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PLOS ONE  2009 

IL-6 Mediated Degeneration of Forebrain GABAergic Interneurons and Cognitive Impairment in Aged Mice through Activation of Neuronal NADPH Oxidase

DOI: 10.1371/journal.pone.0005518

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Abstract:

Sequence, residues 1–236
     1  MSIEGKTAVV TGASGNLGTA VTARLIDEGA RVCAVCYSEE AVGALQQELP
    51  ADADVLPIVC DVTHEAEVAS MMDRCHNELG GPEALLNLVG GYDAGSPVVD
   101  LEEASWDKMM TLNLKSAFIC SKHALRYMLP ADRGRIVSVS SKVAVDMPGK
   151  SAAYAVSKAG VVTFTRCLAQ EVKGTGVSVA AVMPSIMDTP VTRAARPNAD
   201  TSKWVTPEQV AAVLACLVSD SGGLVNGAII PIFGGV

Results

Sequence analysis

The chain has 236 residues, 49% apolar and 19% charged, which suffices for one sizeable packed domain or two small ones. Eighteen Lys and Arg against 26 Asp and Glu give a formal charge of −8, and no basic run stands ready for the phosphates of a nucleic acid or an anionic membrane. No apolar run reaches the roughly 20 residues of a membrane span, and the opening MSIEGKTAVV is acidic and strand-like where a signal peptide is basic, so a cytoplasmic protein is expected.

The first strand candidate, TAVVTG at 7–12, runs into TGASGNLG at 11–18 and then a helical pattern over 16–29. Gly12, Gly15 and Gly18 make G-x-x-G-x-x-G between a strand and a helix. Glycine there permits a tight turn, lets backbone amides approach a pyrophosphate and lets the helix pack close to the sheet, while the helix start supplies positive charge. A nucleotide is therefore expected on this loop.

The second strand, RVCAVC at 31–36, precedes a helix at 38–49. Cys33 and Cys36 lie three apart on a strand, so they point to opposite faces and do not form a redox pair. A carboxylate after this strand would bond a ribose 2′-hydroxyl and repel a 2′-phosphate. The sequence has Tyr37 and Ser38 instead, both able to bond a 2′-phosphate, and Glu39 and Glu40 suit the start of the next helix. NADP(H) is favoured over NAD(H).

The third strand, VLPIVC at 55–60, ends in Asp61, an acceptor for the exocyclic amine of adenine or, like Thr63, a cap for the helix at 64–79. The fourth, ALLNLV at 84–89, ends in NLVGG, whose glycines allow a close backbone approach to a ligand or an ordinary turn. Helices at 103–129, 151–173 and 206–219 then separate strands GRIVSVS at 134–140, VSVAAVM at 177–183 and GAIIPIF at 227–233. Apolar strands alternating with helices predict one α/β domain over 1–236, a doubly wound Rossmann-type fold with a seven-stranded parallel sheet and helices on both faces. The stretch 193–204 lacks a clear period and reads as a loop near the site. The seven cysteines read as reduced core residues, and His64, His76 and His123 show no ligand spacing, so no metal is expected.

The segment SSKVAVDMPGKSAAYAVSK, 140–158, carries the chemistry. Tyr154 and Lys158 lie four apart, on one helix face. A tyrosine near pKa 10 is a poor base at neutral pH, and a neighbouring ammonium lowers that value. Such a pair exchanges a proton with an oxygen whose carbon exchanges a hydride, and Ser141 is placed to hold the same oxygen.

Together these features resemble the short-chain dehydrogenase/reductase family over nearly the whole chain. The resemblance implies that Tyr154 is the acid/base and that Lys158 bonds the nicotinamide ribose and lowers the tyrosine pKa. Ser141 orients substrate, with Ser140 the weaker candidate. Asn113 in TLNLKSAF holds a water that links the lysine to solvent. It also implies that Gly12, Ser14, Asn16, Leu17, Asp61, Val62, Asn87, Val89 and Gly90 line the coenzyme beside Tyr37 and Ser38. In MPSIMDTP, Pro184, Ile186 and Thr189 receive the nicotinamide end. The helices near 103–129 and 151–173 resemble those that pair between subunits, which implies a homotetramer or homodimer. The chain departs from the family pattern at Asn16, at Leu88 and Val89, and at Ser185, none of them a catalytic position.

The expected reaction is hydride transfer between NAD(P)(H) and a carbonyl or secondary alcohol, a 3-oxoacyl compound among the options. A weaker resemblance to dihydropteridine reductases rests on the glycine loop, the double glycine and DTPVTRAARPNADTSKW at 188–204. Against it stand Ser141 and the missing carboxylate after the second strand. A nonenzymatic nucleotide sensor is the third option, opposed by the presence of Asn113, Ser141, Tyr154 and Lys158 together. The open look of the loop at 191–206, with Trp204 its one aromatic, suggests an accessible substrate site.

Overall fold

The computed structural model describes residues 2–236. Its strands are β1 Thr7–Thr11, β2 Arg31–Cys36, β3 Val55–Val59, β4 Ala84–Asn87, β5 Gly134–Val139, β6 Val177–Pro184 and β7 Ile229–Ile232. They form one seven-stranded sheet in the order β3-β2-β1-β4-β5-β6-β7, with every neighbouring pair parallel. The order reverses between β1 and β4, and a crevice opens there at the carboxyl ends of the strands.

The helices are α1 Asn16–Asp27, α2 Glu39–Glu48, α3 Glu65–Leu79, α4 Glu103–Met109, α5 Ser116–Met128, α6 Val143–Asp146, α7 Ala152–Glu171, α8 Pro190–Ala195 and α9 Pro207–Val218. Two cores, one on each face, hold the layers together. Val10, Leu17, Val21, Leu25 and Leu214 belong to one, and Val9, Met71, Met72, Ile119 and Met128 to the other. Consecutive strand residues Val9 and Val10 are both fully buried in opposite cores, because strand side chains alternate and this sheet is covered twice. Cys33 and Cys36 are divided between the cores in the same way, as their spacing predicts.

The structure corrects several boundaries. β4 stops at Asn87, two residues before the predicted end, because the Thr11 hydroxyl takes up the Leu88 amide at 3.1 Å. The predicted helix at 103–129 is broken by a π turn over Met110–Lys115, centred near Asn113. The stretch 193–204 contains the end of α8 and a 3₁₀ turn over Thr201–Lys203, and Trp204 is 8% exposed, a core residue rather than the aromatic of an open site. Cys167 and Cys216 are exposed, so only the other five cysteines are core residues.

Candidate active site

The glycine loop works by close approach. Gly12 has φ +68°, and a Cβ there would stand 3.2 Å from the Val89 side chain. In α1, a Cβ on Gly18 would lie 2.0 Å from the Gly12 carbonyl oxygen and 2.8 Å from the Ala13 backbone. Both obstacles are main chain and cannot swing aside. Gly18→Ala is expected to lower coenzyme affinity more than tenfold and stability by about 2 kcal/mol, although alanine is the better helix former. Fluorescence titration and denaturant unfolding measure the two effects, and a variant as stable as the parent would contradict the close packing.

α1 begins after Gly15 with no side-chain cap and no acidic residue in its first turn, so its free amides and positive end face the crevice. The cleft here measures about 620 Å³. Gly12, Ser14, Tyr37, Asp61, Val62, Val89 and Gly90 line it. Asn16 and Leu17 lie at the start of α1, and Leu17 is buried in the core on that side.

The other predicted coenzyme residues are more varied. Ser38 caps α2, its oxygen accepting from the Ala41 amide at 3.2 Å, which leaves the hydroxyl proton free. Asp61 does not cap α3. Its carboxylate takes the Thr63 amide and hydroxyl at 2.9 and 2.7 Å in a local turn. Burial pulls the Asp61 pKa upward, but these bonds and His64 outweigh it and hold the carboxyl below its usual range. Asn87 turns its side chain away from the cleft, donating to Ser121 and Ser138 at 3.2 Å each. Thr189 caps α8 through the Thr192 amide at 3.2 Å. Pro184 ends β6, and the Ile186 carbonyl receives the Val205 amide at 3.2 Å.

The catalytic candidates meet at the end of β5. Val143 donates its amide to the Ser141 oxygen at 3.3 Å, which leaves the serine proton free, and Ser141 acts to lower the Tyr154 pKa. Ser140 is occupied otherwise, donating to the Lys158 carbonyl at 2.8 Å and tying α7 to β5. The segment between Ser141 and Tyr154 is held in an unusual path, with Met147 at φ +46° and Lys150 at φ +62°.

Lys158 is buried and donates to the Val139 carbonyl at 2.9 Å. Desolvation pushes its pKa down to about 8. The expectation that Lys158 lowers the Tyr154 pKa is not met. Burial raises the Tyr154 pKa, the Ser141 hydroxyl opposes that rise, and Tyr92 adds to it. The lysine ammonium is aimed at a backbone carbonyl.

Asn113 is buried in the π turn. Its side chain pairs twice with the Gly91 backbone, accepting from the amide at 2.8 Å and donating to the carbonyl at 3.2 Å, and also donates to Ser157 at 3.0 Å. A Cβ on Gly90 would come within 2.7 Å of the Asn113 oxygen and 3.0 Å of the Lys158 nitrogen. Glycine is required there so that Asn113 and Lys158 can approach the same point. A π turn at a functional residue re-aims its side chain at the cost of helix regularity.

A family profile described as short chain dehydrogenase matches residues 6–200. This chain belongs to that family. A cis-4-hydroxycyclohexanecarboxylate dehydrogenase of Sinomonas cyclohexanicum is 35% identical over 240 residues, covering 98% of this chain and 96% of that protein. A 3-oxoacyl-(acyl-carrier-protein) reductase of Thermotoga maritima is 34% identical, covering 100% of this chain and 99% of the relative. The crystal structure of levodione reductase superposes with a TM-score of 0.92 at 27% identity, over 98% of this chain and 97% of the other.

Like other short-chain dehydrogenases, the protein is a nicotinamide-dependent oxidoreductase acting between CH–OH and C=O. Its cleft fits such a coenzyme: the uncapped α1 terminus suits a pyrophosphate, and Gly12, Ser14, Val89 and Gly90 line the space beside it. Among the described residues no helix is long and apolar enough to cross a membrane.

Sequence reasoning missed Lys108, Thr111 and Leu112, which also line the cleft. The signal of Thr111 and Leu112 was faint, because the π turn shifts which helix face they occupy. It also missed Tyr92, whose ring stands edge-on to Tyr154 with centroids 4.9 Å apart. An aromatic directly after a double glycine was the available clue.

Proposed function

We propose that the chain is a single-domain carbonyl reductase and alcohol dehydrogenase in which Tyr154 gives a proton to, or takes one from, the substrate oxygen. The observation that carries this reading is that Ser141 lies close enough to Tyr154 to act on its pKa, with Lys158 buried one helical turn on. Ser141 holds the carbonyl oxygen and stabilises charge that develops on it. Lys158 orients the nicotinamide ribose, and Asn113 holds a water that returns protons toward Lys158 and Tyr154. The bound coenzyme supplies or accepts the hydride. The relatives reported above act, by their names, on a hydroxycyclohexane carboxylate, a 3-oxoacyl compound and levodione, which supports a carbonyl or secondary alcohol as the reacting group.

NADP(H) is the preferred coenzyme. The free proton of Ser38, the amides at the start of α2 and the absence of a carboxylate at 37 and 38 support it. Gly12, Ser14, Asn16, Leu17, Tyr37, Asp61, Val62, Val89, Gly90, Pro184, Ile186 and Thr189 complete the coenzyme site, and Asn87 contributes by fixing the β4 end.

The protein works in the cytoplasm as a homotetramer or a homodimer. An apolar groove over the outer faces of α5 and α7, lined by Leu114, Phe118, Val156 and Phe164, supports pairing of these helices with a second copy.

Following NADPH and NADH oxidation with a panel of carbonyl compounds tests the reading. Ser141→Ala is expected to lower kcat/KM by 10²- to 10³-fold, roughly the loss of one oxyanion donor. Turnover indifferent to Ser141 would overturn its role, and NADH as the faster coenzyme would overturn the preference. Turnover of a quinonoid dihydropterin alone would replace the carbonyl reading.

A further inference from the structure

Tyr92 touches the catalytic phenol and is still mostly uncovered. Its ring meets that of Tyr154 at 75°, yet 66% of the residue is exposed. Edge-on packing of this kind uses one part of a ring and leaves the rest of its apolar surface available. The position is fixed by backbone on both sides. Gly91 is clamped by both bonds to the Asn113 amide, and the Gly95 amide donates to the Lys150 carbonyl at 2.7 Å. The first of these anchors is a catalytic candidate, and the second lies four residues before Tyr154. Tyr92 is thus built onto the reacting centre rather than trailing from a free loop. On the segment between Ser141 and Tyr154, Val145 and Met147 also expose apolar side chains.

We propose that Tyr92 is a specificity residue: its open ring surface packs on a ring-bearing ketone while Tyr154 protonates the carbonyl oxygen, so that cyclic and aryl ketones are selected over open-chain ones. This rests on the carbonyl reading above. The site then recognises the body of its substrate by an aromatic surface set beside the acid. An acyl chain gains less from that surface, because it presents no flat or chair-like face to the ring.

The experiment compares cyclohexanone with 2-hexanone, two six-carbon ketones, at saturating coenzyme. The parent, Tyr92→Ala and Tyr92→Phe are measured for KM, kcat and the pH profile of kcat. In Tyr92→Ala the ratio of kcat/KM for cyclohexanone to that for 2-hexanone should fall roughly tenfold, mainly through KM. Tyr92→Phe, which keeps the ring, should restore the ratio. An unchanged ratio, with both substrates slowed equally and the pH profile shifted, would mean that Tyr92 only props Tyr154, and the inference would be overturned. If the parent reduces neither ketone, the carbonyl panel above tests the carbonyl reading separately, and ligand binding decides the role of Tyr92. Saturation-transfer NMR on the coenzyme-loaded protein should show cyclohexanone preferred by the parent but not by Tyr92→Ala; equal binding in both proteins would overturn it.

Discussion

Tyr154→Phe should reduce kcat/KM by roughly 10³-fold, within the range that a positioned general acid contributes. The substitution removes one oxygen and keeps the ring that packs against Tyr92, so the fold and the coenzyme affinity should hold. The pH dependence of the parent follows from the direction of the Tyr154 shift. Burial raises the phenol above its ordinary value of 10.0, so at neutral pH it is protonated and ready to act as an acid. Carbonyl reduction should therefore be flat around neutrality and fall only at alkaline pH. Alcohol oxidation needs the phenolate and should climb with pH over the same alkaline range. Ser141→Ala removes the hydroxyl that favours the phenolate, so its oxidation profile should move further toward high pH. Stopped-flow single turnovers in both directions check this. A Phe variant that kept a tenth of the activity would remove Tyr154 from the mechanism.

Background Multiple studies have shown that plasma levels of the pro-inflammatory cytokine interleukin-6 (IL-6) are elevated in patients with important and prevalent adverse health conditions, including atherosclerosis, diabetes, obesity, obstructive sleep apnea, hypertension, and frailty. Higher plasma levels of IL-6, in turn, increase the risk of many conditions associated with aging including age-related cognitive decline. However, the mechanisms underlying this association between IL-6 and cognitive vulnerability remain unclear. Methods and Findings We investigated the role of IL-6 in brain aging in young (4 mo) and aged (24 mo) wild-type C57BL6 and genetically-matched IL-6?/? mice, and determined that IL-6 was necessary and sufficient for increased neuronal expression of the superoxide-producing immune enzyme, NADPH-oxidase, and this was mediated by non-canonical NFκB signaling. Furthermore, superoxide production by NADPH-oxidase was directly responsible for age-related loss of parvalbumin (PV)-expressing GABAergic interneurons, neurons essential for normal information processing, encoding, and retrieval in hippocampus and cortex. Targeted deletion of IL-6 or elimination of superoxide by chronic treatment with a superoxide-dismutase mimetic prevented age-related loss of PV-interneurons and reversed age-related cognitive deficits on three standard tests of spatial learning and recall. Conclusions Present results indicate that IL-6 mediates age-related loss of critical PV-expressing GABAergic interneurons through increased neuronal NADPH-oxidase-derived superoxide production, and that rescue of these interneurons preserves cognitive performance in aging mice, suggesting that elevated peripheral IL-6 levels may be directly and mechanistically linked to long-lasting cognitive deficits in even normal older individuals. Further, because PV-interneurons are also selectively affected by commonly used anesthetic agents and drugs, our findings imply that IL-6 levels may predict adverse CNS effects in older patients exposed to these compounds through specific derangements in inhibitory interneurons, and that therapies directed at lowering IL-6 may have cognitive benefits clinically.

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